The weapon permit covers any kind of weapon, except for full-auto weapons and those with a calibre greater then 12mm. The police issue a single sport permit for four to six firearms.
In order to obtain a weapon permit for hunting purposes you must be a member of the Polish Hunting Association. You have to pass a one-year course organized by the association including compulsory volunteer work within the framework of the hunting circle of which the future hunter is a member. The necessity to work unpaid for the association for one year discourages many Poles from becoming hunters.
The procedure for obtaining a hunting permit always takes more than a year. The weapons permit only covers long weapons, rifles and shotguns, and combined hunting weapons. On this permit, the hunter is not allowed to possess any small arms or any rimfire weapons. The police issue a permit for approximately five firearms.
In order to be approved for weapon ownership as a collector, you have to be a member of the association whose activity concerns the collection of firearms and you have to pass a police exam on your ability to use the weapons. The procedure takes several months. The permit is valid for any kind of weapon, except for full-auto weapons.
Within the framework of this permit you can have several firearms, both short and long weapons, however, you cannot carry this weapon, only transport it unloaded in a suitable case.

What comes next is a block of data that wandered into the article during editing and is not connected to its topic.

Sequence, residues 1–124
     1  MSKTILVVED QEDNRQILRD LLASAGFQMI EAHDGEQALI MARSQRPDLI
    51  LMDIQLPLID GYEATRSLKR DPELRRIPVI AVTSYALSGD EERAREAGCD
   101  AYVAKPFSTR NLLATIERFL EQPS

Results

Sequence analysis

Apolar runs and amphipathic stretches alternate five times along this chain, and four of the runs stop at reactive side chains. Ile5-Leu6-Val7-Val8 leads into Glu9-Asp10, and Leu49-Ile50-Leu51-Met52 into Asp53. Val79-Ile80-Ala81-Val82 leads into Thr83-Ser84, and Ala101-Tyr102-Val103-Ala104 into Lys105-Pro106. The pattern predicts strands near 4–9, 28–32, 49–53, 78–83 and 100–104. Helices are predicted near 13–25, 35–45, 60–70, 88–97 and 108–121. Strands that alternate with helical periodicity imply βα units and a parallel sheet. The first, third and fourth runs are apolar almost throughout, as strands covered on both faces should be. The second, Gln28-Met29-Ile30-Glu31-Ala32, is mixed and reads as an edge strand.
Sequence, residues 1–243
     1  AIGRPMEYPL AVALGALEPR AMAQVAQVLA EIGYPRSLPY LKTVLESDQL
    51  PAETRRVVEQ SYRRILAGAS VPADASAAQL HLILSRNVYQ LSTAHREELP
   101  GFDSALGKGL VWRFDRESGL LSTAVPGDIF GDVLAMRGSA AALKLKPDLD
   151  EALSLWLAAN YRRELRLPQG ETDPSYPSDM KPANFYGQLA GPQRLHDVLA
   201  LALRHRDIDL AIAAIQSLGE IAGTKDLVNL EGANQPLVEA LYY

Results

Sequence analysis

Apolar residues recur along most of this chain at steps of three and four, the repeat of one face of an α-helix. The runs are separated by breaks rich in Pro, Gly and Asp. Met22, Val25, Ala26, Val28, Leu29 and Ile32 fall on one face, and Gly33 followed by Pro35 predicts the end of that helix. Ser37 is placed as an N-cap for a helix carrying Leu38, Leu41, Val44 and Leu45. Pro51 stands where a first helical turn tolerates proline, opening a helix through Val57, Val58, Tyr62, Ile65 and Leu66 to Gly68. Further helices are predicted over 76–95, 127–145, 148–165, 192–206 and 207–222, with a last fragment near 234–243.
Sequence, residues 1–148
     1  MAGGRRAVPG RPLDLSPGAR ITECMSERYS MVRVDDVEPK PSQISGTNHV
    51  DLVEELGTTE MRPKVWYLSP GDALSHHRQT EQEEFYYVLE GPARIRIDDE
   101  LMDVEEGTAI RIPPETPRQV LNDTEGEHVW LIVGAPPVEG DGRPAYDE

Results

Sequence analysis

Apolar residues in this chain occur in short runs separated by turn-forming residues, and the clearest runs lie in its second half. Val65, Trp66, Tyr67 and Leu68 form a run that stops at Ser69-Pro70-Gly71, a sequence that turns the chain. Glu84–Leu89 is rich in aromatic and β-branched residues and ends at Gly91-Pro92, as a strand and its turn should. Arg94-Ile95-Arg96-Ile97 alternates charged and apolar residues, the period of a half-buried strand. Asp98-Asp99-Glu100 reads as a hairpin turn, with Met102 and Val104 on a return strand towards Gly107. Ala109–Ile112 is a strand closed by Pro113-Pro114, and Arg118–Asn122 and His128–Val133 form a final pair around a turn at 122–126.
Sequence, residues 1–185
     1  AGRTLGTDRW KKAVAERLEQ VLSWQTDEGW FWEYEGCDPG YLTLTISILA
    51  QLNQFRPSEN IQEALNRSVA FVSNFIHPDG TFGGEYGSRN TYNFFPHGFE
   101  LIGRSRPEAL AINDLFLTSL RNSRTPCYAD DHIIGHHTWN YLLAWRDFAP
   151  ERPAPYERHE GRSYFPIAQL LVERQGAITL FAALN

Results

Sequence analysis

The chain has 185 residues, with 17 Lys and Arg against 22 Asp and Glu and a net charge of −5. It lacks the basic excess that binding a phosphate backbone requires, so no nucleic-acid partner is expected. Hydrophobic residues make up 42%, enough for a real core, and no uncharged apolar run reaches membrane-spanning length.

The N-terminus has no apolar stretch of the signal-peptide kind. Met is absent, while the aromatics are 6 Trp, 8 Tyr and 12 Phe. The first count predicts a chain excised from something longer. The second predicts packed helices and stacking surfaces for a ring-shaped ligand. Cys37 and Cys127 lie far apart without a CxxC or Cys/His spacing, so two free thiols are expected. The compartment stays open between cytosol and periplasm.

Weapons possessed on the basis of the permit for personal defense, for sports or training purposes may be carried loaded and concealed. Open carry is totally prohibited in Poland.
You can have a weapon for self-defense, but…
Under Polish law, in order to obtain a permit for a weapon for personal protection, you must prove that your life is in constant, real, and above-average danger. Thus, in order for the police to even begin considering whether a citizen can be given the means of armed self-defense, there must be a real threat to his or her health or life.
Of course, the start of an appropriate administrative procedure requires that the citizen is still alive after this kind of “trial by fire.” It is very difficult to show any logic in this procedure, so let the above rules be a warning to American citizens how complicated the law can be when political power is taken over by a disease called “leftism.”
In actual practice, permits for self-defense weapons are issued only to persons who are somehow privileged; politicians, former members of the uniformed services or persons from a privileged background. Permits for personal defense were also issued to officers of the former communist forces.